Aside from what would be anoffensive focusof the TFLF on the financial impact of legislation on Texas family lawyers instead of properly focusing on the needs of Texas families and children, in the link below that headline the TFLF states the following regarding 2019’s failed HB 2157 equal parenting law:
“They also explained that judges could already do this where it is deemed appropriate. And, thanks to the Family Law Section poll on this issue, our lobby team shared that 72% of lawyers who had handled “50/50” custody arrangements had to return to court for modifications because often 50/50 plans are just not feasible. Based on the evident increased litigation, this arrangement should not be the presumption. This frank yet thoughtful discussion delayed the bill from being filed for a month.”
First, the supposed poll results are misleading. What is the sample size? Is it 72% of lawyers who have ever handled a 50/50 custody arrangement returned to Court over custody and 28% who have ever handled a 50/50 custody arrangement never returned to Court over such an issue? If so, what an astounding result as I have never met a family lawyer who has never been to Court to relitigate a Standard Possession Order. Nonetheless, I have handled relitigation over 50 / 50 custody Page 3 of 4 arrangements and would emphatically state that such relitigation is most frequently about money— connected both to the presumption of a Standard Possession Order and the tie-in factor contained in Section 154.123 of the Texas Family Code. “Unfeasible” is merely the code language to judges to reinvoke the presumption.
Further, to refute the TLFL contention that judges “already” are free to order 50 / 50 custody arrangements, in truth, judgesrarelyorder equal parenting even when encountering two fit/competent parents because they feel constrained by the presumption in the Texas Family Code. That is not merely an assumption as countless courts have specifically stated on the record the current legal restraints which, they feel, bind their decisions.
The difference between proponents of equal parenting laws and the TFLF and its adherents is stark: the TFLF and its adherents want courts to presume that fit parents should not have equal time with their children, while opponents, myself included, feel that courts should not be in the business of doling out winners and losers in family court except in the rare case of the unfit parent. I hope that I am not alone in the belief that the overwhelming majority of Texas Mothers and Fathers serve the best interest of their children on a daily basis. The absence of an equal parenting law suggests that the Legislature feels otherwise.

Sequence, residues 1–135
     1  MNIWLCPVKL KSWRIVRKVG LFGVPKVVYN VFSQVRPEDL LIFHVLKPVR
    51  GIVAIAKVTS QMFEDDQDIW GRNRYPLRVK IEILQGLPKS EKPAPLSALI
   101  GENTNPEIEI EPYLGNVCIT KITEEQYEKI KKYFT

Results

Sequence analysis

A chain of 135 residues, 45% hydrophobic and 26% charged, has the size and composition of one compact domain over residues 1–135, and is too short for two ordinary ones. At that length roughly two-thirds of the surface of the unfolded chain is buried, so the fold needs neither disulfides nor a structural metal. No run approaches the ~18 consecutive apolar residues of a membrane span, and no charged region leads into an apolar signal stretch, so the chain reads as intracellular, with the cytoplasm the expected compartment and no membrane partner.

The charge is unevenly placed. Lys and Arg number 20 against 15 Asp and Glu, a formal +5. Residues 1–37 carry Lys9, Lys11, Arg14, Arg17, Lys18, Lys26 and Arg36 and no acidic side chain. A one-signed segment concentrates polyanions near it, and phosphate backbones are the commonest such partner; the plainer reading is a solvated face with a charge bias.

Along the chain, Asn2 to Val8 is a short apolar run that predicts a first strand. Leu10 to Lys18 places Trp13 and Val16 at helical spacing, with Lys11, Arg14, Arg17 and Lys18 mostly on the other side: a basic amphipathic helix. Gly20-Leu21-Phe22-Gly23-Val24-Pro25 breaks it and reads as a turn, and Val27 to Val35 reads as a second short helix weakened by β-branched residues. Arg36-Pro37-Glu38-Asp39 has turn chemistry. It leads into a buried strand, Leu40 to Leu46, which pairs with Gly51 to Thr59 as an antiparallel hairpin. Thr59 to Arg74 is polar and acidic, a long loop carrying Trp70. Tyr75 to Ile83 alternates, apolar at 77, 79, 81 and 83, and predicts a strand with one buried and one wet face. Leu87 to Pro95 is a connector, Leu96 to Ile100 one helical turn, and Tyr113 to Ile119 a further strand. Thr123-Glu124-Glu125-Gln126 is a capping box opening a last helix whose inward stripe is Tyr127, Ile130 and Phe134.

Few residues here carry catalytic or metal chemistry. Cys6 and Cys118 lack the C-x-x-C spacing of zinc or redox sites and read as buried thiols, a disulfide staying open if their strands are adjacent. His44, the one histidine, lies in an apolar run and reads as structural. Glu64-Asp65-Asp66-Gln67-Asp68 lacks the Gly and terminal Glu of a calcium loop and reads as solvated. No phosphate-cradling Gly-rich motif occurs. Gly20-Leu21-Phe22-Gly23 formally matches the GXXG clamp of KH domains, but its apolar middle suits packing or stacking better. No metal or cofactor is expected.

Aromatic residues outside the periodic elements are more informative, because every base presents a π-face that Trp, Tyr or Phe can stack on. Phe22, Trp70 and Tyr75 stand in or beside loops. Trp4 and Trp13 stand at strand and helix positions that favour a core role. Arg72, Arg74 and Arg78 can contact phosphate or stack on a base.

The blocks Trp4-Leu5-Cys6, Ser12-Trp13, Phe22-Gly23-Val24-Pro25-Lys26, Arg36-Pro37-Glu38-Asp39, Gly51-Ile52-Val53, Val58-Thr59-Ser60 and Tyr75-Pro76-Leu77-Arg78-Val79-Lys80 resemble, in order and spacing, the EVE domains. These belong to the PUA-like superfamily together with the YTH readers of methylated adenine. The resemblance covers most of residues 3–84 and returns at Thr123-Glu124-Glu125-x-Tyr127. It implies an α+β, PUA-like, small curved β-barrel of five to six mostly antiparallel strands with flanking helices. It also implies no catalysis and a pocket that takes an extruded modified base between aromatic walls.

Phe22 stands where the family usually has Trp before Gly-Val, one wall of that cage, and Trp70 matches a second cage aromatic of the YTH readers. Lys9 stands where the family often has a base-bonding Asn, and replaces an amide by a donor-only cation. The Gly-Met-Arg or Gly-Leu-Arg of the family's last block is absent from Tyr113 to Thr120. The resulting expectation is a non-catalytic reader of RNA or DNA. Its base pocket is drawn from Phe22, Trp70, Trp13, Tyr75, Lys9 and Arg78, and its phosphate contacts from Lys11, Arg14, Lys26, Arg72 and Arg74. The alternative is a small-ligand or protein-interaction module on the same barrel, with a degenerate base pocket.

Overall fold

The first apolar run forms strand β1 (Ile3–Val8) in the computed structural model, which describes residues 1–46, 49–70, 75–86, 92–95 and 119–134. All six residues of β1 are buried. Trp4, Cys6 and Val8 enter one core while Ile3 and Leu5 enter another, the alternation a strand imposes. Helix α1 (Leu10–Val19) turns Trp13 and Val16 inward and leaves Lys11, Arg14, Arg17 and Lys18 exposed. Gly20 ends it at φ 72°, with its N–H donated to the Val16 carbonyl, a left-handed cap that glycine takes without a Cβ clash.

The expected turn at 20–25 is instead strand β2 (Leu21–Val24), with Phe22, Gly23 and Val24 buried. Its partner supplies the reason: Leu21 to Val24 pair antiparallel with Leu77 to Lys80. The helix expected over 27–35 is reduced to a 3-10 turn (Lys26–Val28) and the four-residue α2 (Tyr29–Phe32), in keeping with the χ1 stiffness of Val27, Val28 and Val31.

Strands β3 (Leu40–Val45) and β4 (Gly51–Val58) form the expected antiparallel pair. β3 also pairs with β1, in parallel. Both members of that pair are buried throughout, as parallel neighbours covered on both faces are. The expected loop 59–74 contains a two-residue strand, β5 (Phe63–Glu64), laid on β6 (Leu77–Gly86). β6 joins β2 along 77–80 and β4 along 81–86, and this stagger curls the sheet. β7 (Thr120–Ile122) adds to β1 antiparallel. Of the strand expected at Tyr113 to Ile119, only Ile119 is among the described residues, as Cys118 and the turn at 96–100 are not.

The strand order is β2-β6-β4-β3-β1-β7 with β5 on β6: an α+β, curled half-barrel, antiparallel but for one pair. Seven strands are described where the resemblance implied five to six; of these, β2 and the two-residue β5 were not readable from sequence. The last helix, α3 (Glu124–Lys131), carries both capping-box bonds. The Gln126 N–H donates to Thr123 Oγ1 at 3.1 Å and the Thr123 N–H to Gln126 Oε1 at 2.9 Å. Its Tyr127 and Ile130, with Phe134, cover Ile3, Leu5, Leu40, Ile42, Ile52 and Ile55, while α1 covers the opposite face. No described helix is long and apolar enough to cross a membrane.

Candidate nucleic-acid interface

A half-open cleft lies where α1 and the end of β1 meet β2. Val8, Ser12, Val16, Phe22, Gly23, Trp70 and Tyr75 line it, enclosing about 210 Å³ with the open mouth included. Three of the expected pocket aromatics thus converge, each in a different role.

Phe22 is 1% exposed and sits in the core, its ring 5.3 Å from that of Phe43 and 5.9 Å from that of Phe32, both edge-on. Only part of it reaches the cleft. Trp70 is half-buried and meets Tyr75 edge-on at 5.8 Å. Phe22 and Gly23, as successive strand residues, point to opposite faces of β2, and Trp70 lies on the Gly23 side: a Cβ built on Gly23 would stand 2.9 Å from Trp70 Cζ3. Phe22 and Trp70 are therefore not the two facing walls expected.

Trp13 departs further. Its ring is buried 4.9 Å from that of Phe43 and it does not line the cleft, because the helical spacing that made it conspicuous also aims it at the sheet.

I also fundamentally disagree with the TFLF and its adherents on what the proper purpose of family courts should be. If the consequences were not so severe and disheartening, it would almost be comical the types of central inquiries that clog our current family courts on a routine basis. In the battle over a Standard Possession Order, these types of questions arenotthe exception but thenormand are frequently the focal point of rulings:
1. “Who typically gets [the child] ready for school in the morning?”
2. “Who typically takes [the child] to school each morning?
3. “What is your work schedule?” (A line of questioning meant to penalize working parents by suggesting they don’t spend “as much” with the child as another parent)
4. “Over the past 3 years, who has taken [the child] to doctor’s appointments?”
5. “Over the past 3 years, who has taken [the child] to dentist’s appointments?”
I do not believe the Legislature intended this or the litany of adverse outcomes under the existing Texas Family Code.
I appreciate your time in thoughtfully reviewing this letter and House Bill 803. Feel free to contact my office at any time should you wish to discuss this with me further. In contrast to the TFLF and equal parenting opponents, I would eagerly trade the “damage” it would have on my practice for the valuable, generational affect it would have on Texas children and families.